Abstract 1263: Cellular senescence in Hodgkin's lymphoma Academic Article uri icon

abstract

  • Proceedings: AACR 106th Annual Meeting 2015; April 18-22, 2015; Philadelphia, PA Hodgkin's lymphoma (HL), a B cell originated malignancy of the immune system, is one of the most frequent lymphomas in the Western world. Although the rate of cure is high, about 20-35% of patients relapse, and about half of them eventually die of the disease or treatment-related late toxicities and secondary malignancies. Conceptually novel treatment strategies are thus needed, particularly for this category of patients. The malignant cells, called Hodgkin and Reed-Sternberg (HRS) cells, only make up 1-2% of the total tumor cellularity; the remaining mass comprising a mixed infiltrate population is thought to be recruited to the lymph node by HRS-driven pro-inflammatory signals. The origin of the pro-inflammatory signals remains elusive, and represents a critical gap in our knowledge of the pathogenesis of HL. We propose that a sub-population of HRS cells, which we call herein large RS cells, have characteristics of senescent cells, and, thus produce large amounts of inflammatory mediators (the so-called “senescence-associated secretory phenotype”, or SASP). Senescence is characterized by permanent cell cycle arrest and loss of proliferative capacity, despite continued viability and metabolic activity. We show that the senescence markers the cell cycle inhibitors p16INK4a and p21Cip1 are expressed in large RS cells in all HL biopsies examined. Moreover, the large RS cells are negative for Ki-67 staining, demonstrating that these cells have ceased to proliferate. We also show that large, ‘RS-like’ cells in a HL-derived line, L428, stained for the characteristic senescence marker β-galactosidase (β-gal). Oxidative stress and chemotherapy increased the proportion of β-gal positive large RS cells. Furthermore, we show that the large RS cells secrete high levels of cytokines. We suggest that these senescent RS cells may be responsible, at least in part, for creating a pro-inflammatory microenvironment, promoting HL pathogenesis, and mediating chemo-resistance in relapsed disease. Understanding the pathways important for the establishment of senescence in HRS cells, as well gaining insight into targetable mechanisms for the eradication of these cells, will provide new therapeutic approaches for HL patients with recurrent or chemo-resistant disease. Citation Format: Jacob Gopas, Udi Zurgil, Estee Zeev, Daniel Benharoch, Jodi Ezratty, Giora Shubinsky, Etta Livneh. Cellular senescence in Hodgkin's lymphoma. [abstract]. In: Proceedings of the 106th Annual Meeting of the American Association for Cancer Research; 2015 Apr 18-22; Philadelphia, PA. Philadelphia (PA): AACR; Cancer Res 2015;75(15 Suppl):Abstract nr 1263. doi:10.1158/1538-7445.AM2015-1263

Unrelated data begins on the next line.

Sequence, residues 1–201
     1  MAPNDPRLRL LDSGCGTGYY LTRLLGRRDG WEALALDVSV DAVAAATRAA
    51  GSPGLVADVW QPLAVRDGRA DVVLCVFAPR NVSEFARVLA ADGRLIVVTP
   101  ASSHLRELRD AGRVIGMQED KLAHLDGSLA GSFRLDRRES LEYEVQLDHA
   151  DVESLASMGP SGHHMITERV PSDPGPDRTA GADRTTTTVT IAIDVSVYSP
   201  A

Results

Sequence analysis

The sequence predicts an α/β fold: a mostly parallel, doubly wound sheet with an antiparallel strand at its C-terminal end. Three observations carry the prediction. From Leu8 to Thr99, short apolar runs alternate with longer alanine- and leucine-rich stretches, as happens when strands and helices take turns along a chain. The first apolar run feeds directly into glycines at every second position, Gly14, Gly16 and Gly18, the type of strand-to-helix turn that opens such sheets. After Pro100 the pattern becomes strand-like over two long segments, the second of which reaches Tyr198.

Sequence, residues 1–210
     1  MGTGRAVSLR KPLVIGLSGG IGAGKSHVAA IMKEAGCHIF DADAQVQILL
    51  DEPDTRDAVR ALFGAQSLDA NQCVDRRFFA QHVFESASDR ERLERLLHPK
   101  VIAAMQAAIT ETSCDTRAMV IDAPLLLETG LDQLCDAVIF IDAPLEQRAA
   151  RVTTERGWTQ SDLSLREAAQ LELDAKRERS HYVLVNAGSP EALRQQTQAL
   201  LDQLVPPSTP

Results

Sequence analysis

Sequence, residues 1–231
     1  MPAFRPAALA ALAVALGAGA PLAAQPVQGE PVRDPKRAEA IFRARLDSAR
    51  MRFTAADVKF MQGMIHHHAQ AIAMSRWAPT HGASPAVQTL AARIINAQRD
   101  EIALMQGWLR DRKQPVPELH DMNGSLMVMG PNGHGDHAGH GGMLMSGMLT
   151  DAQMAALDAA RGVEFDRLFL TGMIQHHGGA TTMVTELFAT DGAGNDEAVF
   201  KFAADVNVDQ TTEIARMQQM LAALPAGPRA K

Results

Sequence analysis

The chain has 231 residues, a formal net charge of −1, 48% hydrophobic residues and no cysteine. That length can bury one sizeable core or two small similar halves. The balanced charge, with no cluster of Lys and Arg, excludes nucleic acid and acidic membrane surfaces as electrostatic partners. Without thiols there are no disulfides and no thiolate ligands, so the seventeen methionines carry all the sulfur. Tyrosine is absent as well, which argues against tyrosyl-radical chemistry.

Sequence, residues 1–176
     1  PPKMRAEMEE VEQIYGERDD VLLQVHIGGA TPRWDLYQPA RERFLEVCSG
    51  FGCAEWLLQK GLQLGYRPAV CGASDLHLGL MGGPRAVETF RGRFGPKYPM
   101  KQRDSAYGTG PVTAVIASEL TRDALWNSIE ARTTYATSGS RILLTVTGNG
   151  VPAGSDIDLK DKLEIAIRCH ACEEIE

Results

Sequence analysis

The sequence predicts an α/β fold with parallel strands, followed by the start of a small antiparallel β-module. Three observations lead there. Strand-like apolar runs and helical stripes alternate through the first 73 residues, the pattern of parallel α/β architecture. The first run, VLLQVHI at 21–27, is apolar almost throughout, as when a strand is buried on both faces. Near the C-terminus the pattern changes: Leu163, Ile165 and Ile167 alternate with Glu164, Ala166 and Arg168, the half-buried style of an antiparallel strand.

publication date

  • January 1, 2015